Once again I have opened up the archival Vault of Uselessness in this blog to give another look at some of the things I like most. As is the case in any blog, the selfish interest of the author is thematic – and, in this case, plain fun. I watched this movie again the other night just for giggles and it amazed me for a second time. The carcasses of ancient animals which had become glazed with stalagmite juice, basically “Quartzified” into stone, reminded again me of the sheer scope of this discovery.
Human art dating from over 20,000 – 30,000 years ago and just as subtle and beautiful as if it been accomplished by talented modern hands, displayed gallery-like on the walls of ancient caves, is only one of the fascinating wonders which Werner Herzog takes us through. His mix of music throughout the film is another glory of novelty. The best browsing of this post would be to begin the music video below and then read the text. Try that.
Reading Henry Miller some years ago, I never forgot his delighted discovery and his fascination with the term “Chthonic” – as if it had appeared to him as a magical key to describing ineffable events. This film and even its sounds are completely “Chthonic” and of a piece. It reminds me of nothing – they both stand on their own.
concerning, belonging to, or inhabiting the underworld.“a chthonic deity”
To the archives, then……….(pictures enlarge by clicking).
For further investigation, here is the delightful Wiki entry for these incredible caves:
OK, this is a stretch for a simple landscaping blog. Just know this: I know that and let me say my piece. 😉 It’s never stopped me before, has it? This one deals with the Earth, having said that, and that’s my own area. Dirt rocks and so do rocks.
I recently went to the movies, chucked on my 3D glasses and watched one of the most stunning movie events I have ever seen. The film is called “The Cave Of Forgotten Dreams” and I cannot possibly recommend it high enough. It was directed by Werner Herzog and deals with an inside look at the astonishing Cave of Chauvet-Pont-d’Arc, where artists as long ago as 32,000 years plied their art of cave-paintings, using the walls of this gorgeous, previously-hidden cave as their canvas and using the folds and 3 dimensional aspect of the terrain itself to provide depth, apparent motion and breathtaking artistic ability.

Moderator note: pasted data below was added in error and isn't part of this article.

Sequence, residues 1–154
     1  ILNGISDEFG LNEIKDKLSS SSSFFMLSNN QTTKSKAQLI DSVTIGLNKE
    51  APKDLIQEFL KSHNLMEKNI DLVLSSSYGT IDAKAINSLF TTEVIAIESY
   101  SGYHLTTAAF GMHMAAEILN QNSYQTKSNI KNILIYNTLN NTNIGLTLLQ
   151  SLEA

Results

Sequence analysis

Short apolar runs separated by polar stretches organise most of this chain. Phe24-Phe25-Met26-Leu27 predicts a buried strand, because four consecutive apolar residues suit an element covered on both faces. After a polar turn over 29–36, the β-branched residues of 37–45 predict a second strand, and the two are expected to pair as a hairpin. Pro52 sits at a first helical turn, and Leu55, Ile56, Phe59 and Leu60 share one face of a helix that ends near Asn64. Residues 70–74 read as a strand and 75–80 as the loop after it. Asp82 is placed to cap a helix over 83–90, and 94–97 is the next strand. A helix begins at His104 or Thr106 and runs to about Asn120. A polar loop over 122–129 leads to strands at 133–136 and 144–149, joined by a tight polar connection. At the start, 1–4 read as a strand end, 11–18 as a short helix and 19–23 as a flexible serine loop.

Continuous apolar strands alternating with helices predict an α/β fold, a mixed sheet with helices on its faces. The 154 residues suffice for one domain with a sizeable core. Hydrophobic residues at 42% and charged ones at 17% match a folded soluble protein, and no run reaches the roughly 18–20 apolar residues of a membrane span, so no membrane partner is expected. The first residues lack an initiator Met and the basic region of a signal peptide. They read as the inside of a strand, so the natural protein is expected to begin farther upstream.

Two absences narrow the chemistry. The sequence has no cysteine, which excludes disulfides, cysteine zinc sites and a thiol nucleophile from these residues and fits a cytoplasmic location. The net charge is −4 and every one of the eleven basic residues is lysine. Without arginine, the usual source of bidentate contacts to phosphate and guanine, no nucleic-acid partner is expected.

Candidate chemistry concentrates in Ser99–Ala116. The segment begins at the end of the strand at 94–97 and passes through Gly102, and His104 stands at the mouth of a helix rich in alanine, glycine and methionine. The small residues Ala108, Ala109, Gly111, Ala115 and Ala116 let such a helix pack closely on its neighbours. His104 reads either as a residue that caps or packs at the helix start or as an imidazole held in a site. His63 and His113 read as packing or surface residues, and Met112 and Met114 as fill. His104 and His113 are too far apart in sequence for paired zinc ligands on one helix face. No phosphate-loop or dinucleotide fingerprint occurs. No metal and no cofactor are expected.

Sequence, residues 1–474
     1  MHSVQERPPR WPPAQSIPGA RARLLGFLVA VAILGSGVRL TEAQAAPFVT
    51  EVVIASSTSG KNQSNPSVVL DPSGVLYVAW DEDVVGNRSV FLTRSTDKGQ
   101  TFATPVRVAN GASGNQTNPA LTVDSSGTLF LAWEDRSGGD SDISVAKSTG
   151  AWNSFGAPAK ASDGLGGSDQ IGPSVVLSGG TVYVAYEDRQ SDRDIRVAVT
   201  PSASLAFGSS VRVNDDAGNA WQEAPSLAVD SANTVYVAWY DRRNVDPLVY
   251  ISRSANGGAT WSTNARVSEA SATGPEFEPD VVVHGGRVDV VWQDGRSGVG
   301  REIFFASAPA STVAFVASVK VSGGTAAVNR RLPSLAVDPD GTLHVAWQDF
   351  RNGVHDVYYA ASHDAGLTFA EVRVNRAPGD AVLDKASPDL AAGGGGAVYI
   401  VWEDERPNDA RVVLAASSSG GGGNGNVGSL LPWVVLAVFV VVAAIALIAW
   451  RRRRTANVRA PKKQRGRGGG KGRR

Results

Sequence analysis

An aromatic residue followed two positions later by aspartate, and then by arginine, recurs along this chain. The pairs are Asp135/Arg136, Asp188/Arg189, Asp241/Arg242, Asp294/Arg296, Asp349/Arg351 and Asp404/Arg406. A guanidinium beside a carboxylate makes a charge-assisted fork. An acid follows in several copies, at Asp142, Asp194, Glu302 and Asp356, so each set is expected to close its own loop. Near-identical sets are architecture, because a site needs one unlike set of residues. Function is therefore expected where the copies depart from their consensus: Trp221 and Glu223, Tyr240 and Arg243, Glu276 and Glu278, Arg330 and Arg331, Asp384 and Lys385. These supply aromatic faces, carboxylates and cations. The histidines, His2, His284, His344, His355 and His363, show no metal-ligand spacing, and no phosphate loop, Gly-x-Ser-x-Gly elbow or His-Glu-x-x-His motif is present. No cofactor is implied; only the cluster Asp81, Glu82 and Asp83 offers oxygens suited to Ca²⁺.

The extremely cautious French Government goes overboard in scrupulous preservation paranoia, and the film mentions this. Protecting the inside treasure is testified to when references to them shutting the cave off to visitors for a few months was felt necessary owing to “The breath of visitors is causing a mold to adhere to the walls.” This is a look inside – a rare moment in time and one which may or may not ever be replicated.
The cave simply reveals life at that time in a manner which nothing else possibly could. The genius is inside the art itself, of course, but the creative genius of Werner Herzog amplifies it, juxtaposing all this with modern perceptions of an era, seen from the best anthropological, psychological and paleantological minds of our generation.
Borrowing this piece of breathless excitement emitted by a movie review in the New York Times:
“The cave was discovered in December 1994 by three French cavers, Jean-Marie Chauvet, Éliette Brunel Deschamps and Christian Hillaire. Following an air current coming from the cliff, they dug and crawled their way into the cave, which had been sealed tight for some 20,000 years. After finally making their way to an enormous chamber, Ms. Deschamps held up her lamp and, seeing an image of a mammoth, cried out, “They were here,” a glorious moment of discovery that closed the distance between our lost human past and our present.”